At the turn of the 20th Century, people were excited for what the new century would bring. From technological advancement to the beginning of globalization, people felt generally anxious to approach the 1900’s. Mass production made manufacturing easier than before, but many resisted as it offended the true artisanship of creating things by hand. People were interested in trying to experiment with accessory trends, such as stacking bracelets and layering necklaces. There was one thing people agreed on – it was time to break the Victorian uptightness following Queen Victoria’s death.
Important Events of the Decade:
- 1901: Queen Victoria’s Death & President William McKinley’s Assassination
- 1903: Ford Motor Company Formed & Wright Brothers’ First Flight
- 1907: Coal Mine Explodes (worst American industrial accident to date)
- 1910: King Edward VII’s Death
Jewelry and the 1900’s
During the 1900’s, jewelry still signified wealth, social standing and status. Unmarried women were socially prohibited from wearing grand jewelry as they did not have any social standing yet, and older single women were discouraged from wearing diamonds.
However, as traditions were challenged and jewelry became cheaper to produce, 1900’s saw a convergence of three different artisanship era overlapping one another.
Victorian Era (1830’s – 1900’s)
Unlike the Romantic Era, Victorian Era was marked by the suppression of emotions. In fact, King Albert’s death caused a rise in popularity in somber art. The dark, eerie, gothic mood became more popular as gothic literature was the first signs of popular art. As a result, black jewelry became extremely popular during the Victorian Era. The black crystal was made from materials such as jets (fossilized coal), French jet & vulcanite (hardened rubber), big oak, black onyx and black enamel. Monochromatic jewelry also rose in popularity as its simplistic color scheme made it easier to match outfits with. Large American jewelers started using precious gemstones such as sapphires, diamonds, and opals in their designs.
During the era, the middle class emerged as the largest socioeconomic class in developed nations. This caused a rise in demand for more affordable jewelry. This was accomplished in the Industrial Revolution, as mass production of jewelry caused a decrease in jewelry. Manufacturers found ways to make precious meals affordable, as techniques such as “gold filling” became popular practices.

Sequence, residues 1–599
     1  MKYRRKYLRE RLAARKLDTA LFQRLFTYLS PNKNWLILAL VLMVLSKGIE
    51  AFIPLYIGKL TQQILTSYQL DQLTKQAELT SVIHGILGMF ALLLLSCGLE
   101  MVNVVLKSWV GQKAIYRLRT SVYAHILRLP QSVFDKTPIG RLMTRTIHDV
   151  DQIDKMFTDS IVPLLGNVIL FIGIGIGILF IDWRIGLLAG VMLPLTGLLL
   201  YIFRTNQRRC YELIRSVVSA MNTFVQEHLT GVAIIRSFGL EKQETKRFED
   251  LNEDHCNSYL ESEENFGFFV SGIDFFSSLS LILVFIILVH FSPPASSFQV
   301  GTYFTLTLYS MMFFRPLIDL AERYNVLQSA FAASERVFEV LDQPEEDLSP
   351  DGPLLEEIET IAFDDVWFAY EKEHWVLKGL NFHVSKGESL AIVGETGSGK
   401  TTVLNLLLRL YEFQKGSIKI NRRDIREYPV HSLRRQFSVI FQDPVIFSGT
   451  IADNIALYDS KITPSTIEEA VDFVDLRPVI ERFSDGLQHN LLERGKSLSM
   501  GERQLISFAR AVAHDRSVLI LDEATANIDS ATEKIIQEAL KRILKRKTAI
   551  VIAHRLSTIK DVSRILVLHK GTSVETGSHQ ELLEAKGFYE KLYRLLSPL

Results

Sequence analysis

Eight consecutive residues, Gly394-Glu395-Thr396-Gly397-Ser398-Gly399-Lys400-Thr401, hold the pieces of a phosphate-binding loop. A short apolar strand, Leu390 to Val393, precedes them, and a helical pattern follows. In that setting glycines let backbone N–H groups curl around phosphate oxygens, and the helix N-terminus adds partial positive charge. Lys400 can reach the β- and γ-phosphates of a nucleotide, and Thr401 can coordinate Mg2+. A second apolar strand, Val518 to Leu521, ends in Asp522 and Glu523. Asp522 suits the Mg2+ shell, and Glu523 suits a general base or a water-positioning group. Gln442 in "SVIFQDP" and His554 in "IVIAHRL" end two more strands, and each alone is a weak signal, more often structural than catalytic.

After the European traveled all across the world searching for the next trend, the Arts & Crafts phenomenon was born and was inspired by the Japanese. Many housewives wanted personalized jewelry without the hefty price-tag. This started the DIY movement that is still in trend today.
Popular motifs of Victorian Jewelry are insects, animals, stars, crescents, dragons, and flowers.
Art Nouveau (1890 – 1914)
As mass production dominated manufacturing, many artisans began to protest the industrialization of art. Though short-lived, the Art Nouveau era started the dialogue of “What makes Art, art?”
The focus of the era was on creativity and on the artisan’s process of creating a jewelry. The insistence on respecting the craftsmanship and the jewelry designer was cemented in this era. The movement in preserving art started in French, hence Art Nouveau translating into “New Art” in French.
Popular Art Nouveau motifs included soft curls, feminine nature elements (nude women with long flowing hair, dragonflies, butterflies, flowers), pastel colors
Edwardian Era (1901 – 1910)
After Queen Victoria passed in 1901, King Edward VII arose to the throne. The Edwardian Era was known to mix all the styles together rather than having a distinctive style (meaning the Victorian Era, Art Nouveau, and the Arts & Crafts).
The focus of Edwardian jewelers was to focus on the delicateness of jewelry and gemstones instead. Due to technological advancement in jewelry manufacturing, delicate gemstone cutting was made possible and created a variety of gemstone cuts still popular today.
Inspired by laces, making jewelry as lightweight as possible was key to Edwardian jewelry. Since the jewelry was so delicate, many people began to stack bracelets and layer necklaces to create the illusion of a bolder jewelry without taking away its delicateness.
Popular Edwardian gemstones included garnets, black opals, Montana sapphires. The most popular Edwardian motif is lace!
Overall, 1900’s saw both tragic deaths and exciting innovations. The 20th Century was all about transition and experimentation of different jewelry styles. Thanks to the jewelry from all eras, jewelry has now transformed from a symbol of status to a way to accessorize affordably.